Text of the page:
IPCC’s climate change warning: How companies should respond
90% think the average person should be taking concrete steps to reduce his/her environmental impact (Shelton Energy Pulse 2016).
Sustainability Win of the Week
This past Monday, a landmark report by the UN Intergovernmental Panel on Climate Change (IPCC) was released – and the findings are hard to swallow. “There is only a dozen years for global warming to be kept to a maximum of 1.5C, beyond which even half a degree will significantly worsen the risks of drought, floods, extreme heat and poverty for hundreds of millions of people,” an article from the Guardian states.
Indeed, many companies have already committed to keeping global warming to a maximum of 2C, yet the UN report calls for even more ambitious reductions, citing the major difference even half a degree could make (as demonstrated here by Carbon Brief, in their interactive diagram of the effects of climate change at 1.5 vs. 2C).
Certainly, these findings are not positive news. In fact, they are downright alarming. But is there a silver lining?
We think so.
Never has it been clearer to businesses and consumers that the time to act is now. Ninety percent of consumers agree that the average person should be taking concrete steps to reduce his/her environmental impact – and consumers increasingly expect companies to be taking similar (and bigger) steps.
Just look at the Climate Group and RE100 companies that are committing to 100% renewable energy, as well as the EP100 companies that are committing to lower emissions and cleaner energy. And look at Schneider Electric, a new RE and EP100 member with ambitious plans of becoming carbon neutral by 2030. And as we discussed in previous News of the Week, such climate-conscious companies actually outperform non-climate-conscious competitors in the areas of net profit margins and earnings, as a recent report from edie.net reveals.
So, hope persists. There is an obvious incentive for companies to step up and commit to 1.5C. Not only do consumers expect it of companies, but it is profitable and sustainable. While the IPCC report is a frightening call to action, it also serves as a reminder that it’s time to “do good” even better.
News of the Week
Speaking of clean energy and committing to 1.5C, the Columbia Generating Station (CGS) nuclear power plant is setting records for zero-carbon electricity generation – producing enough clean energy to power Seattle on its own. CGS produces 20 tons of waste yearly (to generate 9.6 billion kWhs of electricity), compared to coal which produces nearly 1 million tons of toxic waste to generate the same. The plant has the capacity to quickly adjust its electrical output according to demand, and it regularly reduces output to accommodate spikes in hydro-electric renewable energy that occur during the spring.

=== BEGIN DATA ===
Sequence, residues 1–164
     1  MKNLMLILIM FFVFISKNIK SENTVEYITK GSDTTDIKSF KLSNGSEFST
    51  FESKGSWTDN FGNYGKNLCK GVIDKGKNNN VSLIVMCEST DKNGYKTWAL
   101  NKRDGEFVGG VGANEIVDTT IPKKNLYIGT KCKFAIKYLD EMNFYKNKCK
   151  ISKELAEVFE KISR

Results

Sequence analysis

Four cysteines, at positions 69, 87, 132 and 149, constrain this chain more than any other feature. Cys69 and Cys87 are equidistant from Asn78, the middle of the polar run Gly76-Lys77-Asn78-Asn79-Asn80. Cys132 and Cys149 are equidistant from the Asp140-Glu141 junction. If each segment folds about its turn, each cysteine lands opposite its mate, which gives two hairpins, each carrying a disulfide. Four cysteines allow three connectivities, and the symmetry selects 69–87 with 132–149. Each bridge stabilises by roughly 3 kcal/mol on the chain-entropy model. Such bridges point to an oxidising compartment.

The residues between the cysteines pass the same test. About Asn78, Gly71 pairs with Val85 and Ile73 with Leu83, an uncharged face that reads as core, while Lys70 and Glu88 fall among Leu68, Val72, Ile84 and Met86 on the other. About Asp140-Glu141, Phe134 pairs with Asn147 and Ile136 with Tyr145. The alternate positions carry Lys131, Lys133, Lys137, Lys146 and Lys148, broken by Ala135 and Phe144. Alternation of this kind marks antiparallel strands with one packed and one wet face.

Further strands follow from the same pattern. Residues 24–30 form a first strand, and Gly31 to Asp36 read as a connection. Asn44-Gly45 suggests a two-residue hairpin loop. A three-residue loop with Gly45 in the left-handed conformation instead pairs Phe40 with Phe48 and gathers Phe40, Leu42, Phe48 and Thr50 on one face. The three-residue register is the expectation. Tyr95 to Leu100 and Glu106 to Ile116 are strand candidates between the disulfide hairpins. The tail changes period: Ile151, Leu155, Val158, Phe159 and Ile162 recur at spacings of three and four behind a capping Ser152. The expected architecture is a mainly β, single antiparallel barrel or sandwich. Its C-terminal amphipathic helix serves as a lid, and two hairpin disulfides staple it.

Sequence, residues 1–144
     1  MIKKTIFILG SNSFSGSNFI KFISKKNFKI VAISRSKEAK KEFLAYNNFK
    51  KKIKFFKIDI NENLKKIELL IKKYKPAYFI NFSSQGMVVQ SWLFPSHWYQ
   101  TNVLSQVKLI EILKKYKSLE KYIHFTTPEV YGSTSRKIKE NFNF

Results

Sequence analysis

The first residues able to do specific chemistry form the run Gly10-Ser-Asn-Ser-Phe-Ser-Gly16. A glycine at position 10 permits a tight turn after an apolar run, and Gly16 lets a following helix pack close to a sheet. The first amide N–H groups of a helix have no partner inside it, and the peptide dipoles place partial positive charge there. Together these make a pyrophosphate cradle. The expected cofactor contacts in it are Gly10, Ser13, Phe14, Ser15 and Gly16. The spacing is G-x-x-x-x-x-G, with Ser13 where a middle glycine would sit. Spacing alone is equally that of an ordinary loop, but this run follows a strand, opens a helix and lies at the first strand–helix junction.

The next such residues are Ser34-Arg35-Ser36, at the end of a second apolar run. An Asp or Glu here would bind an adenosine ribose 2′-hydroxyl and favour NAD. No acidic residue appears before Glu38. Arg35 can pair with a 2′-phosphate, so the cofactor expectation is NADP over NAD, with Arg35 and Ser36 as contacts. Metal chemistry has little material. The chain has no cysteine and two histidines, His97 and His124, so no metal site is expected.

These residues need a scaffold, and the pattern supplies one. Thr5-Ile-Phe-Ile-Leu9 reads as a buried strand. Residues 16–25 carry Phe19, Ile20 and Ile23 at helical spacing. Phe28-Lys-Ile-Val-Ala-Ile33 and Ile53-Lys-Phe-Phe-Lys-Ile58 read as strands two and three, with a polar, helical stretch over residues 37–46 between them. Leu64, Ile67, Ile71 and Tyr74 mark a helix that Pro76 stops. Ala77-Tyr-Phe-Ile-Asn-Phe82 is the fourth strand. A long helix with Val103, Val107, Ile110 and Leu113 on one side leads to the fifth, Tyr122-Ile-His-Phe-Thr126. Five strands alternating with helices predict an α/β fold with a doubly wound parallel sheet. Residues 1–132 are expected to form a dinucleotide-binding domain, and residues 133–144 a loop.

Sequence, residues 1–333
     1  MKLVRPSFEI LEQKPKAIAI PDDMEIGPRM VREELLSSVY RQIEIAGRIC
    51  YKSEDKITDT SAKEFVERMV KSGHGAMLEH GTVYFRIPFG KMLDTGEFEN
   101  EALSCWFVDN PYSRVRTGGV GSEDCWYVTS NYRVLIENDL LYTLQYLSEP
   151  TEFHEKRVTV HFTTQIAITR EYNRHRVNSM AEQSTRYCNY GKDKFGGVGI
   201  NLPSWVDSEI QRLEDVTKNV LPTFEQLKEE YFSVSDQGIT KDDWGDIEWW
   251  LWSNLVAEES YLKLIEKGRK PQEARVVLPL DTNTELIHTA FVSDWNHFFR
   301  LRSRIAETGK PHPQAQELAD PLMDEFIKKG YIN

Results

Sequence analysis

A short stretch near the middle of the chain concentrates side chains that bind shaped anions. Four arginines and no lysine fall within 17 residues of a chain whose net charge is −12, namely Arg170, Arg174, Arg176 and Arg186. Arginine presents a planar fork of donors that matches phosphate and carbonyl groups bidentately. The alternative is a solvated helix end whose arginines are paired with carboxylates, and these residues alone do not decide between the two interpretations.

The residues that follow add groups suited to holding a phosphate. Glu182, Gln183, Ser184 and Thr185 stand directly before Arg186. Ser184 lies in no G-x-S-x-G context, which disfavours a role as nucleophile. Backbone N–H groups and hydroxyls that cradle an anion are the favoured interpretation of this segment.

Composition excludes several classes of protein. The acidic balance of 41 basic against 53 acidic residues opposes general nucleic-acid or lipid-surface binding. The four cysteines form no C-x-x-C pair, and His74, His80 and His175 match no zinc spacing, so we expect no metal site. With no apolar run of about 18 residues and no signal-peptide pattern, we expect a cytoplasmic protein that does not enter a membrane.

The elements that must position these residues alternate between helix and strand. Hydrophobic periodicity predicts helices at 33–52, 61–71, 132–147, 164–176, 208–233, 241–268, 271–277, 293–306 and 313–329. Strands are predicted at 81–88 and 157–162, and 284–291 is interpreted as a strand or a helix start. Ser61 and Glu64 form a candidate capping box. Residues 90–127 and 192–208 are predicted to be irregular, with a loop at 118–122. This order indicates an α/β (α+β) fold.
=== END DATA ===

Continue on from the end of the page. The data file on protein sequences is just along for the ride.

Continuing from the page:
South Korea has been on the cutting edge of recycling for years. The country has unique policies in place to encourage (and require) citizens to sort their waste according to “general waste,” compostable “food waste,” and “plastic recyclables” categories for easy processing. Here’s how South Korea is handling China’s recent ban on imported plastic waste – and how citizens and businesses are changing their behavior to not only recycle but also reduce. Some of the surprising yet effective ways of cutting back on plastic waste include banning plastic cups in Seoul’s more than 18,000 cafes and prohibiting plastic umbrella sleeves at businesses in favor of “umbrella dryers” and water-absorbent carpet.
In response to the recent climate change news, this Forbes article asks: “Could this report [by the IPCC] finally be the clarion call to our nation’s business leaders to take responsibility for ensuring a prosperous and clean energy future for all?” Consumers want brands to take a stand, the article states, adding that 64% expect CEOs to “take the lead on change rather than waiting for the government to impose it” (according to statistics from this year’s Edelman Trust Barometer).
Do consumers really care whether brands take a stand?
Yes, they do. But your brand can’t choose just any stand and expect them to love you for it. Learn how social purpose can create connection with consumers.